Investigating The SolarWinds Situation, Part I (12/14/2020)

“All five branches of the US Military

“The US Pentagon, State Department, NASA, NSA, Postal Service, NOAA, Department of Justice, and the Office of the President of the United States”

solarwinds.com/company/custom…Image
Somehow Chris Krebs is being linked to this story.
Krebs was fired after the hack. 
Orion: “Centralized monitoring and management of your entire IT stack, from infrastructure to application”

solarwinds.com/solutions/orionImage
In the wrong hands, who is looking at what? 
“two people familiar with the investigation said…connected to a previously announced intrusion at cybersecurity firm FireEye.” 
Last Tue 12/8 “FireEye, one of the largest cybersecurity companies in the United States, said on Tuesday that it had been hacked, likely by a government, and that an arsenal of hacking tools used to test the defenses of its clients had been stolen.”
The focus was on “government agencies.”

“The chairman of the House Intelligence Committee, Rep. Adam Schiff, said he would ask for more information.” 
Ok so to translate this into English.

Solar Winds (remotely monitors the network performance of the USG, can see data) was hacked by a foreign government.

The hacker used tools stolen from FireEye which tests cybersecurity of USG.

They’re blaming Russia but no proof. 
Is there another company involved here? I don’t know. Just trying to piece this together. 
“and it is not known how many other federal agencies they may have compromised.” 
“The hackers, who are known as Cozy Bear or APT29, are reportedly the same group that hacked the White House and State Department under the Obama administration.” 
Bad actor: UNC2452

Attack name: SUNBURST 
“FireEye discovered a supply chain attack trojanizing SolarWinds Orion business software updates in order to distribute malware we call SUNBURST.” 
Seems they don’t know who the “supply chain” attacker is who essentially impersonated the legitimate software update. 
“SolarWinds.Orion.Core.BusinessLayer.dll is a SolarWinds digitally-signed component of the Orion software framework that contains a backdoor that communicates via HTTP to third party servers. We are tracking the trojanized version of this SolarWinds Orion plug-in as SUNBURST.” 
“The campaign is the work of a highly skilled actor and the operation was conducted with significant operational security”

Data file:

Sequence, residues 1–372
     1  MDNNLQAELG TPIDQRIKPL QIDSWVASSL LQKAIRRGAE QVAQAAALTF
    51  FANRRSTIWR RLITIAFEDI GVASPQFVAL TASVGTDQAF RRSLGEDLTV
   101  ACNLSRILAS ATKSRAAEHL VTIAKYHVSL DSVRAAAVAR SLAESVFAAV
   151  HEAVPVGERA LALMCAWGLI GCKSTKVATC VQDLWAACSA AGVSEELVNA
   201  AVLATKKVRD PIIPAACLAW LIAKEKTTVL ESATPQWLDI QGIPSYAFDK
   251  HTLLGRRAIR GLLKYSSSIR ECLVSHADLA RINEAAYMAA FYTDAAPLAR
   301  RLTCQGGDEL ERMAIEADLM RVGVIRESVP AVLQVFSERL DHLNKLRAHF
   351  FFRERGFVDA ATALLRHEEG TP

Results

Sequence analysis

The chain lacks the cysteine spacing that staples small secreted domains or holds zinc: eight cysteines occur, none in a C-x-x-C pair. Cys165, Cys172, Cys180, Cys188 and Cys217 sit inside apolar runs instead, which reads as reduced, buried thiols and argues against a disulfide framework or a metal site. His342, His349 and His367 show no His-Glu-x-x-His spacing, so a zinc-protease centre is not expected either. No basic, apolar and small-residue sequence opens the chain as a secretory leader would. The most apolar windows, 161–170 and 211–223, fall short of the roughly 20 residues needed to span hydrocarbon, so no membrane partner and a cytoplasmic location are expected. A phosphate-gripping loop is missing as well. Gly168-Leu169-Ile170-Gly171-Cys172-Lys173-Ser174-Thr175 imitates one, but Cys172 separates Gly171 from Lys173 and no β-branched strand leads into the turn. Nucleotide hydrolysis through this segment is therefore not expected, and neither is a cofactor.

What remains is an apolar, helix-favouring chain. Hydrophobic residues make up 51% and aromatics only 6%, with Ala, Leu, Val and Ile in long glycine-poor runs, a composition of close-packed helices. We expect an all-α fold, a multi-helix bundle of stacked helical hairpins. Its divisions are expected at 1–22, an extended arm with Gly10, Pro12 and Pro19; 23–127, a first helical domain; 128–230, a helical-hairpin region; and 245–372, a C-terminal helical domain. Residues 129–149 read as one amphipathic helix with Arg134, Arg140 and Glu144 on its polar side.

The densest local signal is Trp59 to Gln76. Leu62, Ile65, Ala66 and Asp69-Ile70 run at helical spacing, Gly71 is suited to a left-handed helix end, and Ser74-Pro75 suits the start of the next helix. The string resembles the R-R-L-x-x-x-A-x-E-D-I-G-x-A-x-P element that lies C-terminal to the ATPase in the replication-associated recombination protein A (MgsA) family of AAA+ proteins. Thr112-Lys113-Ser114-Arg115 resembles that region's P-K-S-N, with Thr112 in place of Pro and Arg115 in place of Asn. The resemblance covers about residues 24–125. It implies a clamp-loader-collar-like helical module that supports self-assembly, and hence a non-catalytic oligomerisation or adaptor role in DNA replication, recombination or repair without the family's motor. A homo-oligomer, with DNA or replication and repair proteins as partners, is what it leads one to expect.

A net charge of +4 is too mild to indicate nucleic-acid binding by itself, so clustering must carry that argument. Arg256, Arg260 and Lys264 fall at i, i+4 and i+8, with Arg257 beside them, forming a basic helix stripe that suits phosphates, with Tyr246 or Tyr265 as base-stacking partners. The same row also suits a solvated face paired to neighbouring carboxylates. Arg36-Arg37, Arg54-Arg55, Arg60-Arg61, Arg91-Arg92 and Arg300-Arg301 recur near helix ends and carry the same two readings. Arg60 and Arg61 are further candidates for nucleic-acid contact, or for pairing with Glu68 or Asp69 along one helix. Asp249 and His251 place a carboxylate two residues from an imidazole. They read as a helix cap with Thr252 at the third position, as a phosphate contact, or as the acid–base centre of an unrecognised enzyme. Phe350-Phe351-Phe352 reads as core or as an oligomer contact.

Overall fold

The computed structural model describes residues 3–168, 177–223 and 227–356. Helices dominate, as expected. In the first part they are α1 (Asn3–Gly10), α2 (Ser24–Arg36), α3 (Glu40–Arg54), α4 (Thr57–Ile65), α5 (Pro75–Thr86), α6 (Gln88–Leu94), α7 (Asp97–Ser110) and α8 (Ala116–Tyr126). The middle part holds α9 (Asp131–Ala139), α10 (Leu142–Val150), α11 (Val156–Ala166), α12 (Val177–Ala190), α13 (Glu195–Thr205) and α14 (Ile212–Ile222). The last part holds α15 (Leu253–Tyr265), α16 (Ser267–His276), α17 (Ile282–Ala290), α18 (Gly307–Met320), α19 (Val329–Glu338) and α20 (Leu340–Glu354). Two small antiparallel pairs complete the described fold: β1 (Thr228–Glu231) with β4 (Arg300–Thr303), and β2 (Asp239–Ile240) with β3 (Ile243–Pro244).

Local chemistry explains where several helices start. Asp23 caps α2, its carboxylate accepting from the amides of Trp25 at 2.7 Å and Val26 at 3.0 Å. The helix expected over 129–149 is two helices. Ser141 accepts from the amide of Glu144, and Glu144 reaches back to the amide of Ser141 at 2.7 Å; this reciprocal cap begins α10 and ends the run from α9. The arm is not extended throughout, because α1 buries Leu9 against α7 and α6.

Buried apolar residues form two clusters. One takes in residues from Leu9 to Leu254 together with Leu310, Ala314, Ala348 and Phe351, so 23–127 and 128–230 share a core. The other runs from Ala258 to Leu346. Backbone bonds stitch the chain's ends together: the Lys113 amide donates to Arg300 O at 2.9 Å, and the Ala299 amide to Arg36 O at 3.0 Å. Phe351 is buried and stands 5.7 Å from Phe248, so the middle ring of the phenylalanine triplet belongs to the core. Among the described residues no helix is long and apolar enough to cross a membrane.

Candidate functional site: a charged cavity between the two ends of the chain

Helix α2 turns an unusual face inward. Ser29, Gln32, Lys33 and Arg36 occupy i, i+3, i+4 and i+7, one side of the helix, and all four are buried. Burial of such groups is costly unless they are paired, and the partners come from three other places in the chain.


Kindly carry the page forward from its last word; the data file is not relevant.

“This campaign may have begun as early as Spring 2020 and is currently ongoing.” – so things aren’t safe yet? 
“Post compromise activity following this supply chain compromise has included lateral movement [they still have access after discovery] and data theft”Image
Repeat, FireEye is saying they don’t know who did this.

“FireEye is releasing signatures to detect this threat actor and supply chain attack in the wild.” 
“post compromise activity leverages multiple techniques to evade detection and obscure their activity” 
“This actor prefers to maintain a light malware footprint, instead preferring legitimate credentials and remote access for access into a victim’s environment” 
“Hidden in plain sight, the class SolarWinds.Orion.Core.BusinessLayer.OrionImprovementBusinessLayer implements an HTTP-based backdoor. “ 
Odd tweet from Krebs. He says “odds are you’re not affected” when FireEye says it’s worldwide and highly alarming. Then Krebs says to focus on “Crown Jewels”…

Image
FireEye basically recommends cutting off access from SolarWinds to digital assets on the network (“Crown Jewels”) that are most valuable. Krebs seems to point the attackers to them! (Or is that just me?)Image
The obvious question is why are we doing the Russia Russia Russia dance again when the attacker is unknown and admittedly “evasive?” 
Another obvious question is why the government allows remote access by commercial entities (who serve China) to emails at the White House, DOD, NSA, etc. Seems like carelessness at best, deliberate leaving the door open at worst. 
Here is the Gov basically saying to disconnect SolarWinds cisa.gov/news/2020/12/1…
Ending this here for now. 
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By Dr. Dannielle Blumenthal. All opinions are the author’s own. Public domain.